The heterogeneity of the myocardial SUV (CoV) mean was 0.14 (±0.05) in summer and 0.13 (±0.05) in winter; thus no significant difference in the heterogeneity between the summer and winter months () was found (Figure 5). This was the case also when looking at the older patient population (>16 years) only.

Figure 5: CoV of myocardial SUV in summer and in winter.

4. Discussion

Our study focused on the seasonal variability of glucose metabolism of the myocardium. We compared intraindividual PET-CT studies performed at two time points: summer and winter. In addition to visually assessing the intensity and pattern of the myocardial FDG uptake, we used semiquantitative analysis with SUV values for the myocardium, mediastinum, and liver to obtain their ratios and calculated myocardial SUV heterogeneity. We found no significant difference in any of the parameters obtained between the summer and winter studies. According to our findings, warming the patients in order to diminish their physiological myocardial FDG uptake prior to a cardiac FDG-PET study seems unnecessary.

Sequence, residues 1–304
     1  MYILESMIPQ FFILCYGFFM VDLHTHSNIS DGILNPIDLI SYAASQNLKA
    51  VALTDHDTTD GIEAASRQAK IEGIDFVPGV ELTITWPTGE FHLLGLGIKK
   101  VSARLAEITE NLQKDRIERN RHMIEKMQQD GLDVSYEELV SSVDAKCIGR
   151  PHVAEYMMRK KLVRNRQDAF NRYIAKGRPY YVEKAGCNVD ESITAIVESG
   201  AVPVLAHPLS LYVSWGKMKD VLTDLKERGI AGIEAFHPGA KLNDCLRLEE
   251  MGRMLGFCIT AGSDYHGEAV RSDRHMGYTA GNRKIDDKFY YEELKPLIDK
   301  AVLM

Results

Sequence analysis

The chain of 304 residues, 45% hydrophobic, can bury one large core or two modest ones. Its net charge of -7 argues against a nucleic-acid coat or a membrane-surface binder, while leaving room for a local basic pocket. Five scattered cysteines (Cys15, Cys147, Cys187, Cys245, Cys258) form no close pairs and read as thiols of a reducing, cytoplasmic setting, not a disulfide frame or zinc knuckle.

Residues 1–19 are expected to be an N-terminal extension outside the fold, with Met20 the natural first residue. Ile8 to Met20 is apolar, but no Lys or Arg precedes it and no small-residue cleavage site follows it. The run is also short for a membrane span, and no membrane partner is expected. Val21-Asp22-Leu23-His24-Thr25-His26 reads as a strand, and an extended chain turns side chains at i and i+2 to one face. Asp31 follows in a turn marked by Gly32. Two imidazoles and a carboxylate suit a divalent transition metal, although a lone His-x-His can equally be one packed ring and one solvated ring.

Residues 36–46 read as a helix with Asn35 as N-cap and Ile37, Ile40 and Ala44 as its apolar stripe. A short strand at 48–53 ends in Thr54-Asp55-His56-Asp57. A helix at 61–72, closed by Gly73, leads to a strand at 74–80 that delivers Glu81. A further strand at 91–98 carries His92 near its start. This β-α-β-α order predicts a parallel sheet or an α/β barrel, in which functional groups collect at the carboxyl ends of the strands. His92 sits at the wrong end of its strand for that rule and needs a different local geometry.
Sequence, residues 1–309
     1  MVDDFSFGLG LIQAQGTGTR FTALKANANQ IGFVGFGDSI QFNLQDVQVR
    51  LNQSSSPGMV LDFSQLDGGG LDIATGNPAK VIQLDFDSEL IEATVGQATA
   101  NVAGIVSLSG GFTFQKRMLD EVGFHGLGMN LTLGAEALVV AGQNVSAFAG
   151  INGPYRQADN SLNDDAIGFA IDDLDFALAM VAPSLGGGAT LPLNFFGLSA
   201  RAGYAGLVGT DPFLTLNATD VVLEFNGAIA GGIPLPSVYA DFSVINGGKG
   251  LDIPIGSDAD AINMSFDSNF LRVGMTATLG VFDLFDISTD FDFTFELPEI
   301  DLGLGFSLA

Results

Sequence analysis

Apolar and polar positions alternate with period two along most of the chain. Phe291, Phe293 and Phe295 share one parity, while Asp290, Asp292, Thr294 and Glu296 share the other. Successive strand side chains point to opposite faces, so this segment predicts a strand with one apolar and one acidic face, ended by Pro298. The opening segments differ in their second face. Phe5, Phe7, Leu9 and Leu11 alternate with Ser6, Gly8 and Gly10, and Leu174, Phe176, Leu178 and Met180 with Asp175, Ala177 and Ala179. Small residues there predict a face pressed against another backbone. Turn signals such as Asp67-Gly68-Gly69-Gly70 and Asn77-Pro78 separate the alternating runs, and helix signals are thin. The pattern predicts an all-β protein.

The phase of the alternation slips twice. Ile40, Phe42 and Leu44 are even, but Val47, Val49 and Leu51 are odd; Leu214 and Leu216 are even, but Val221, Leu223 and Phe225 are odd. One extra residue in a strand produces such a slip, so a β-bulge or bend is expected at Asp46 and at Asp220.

Certain patterns of FDG uptake in the myocardium are associated with various pathological conditions. Ishimaru et al. described different patterns of myocardial FDG uptake and concluded that focal uptake is characteristic of patients with cardiac sarcoidosis [10]. In a pictorial review, Lobert et al. illustrated varied pathological FDG uptake patterns associated with malignant conditions [14]. In our study, we found no significant seasonal variability in myocardial FDG patterns, so if the myocardial FDG pattern is considered pathological, the time of year of the PET scan may be irrelevant.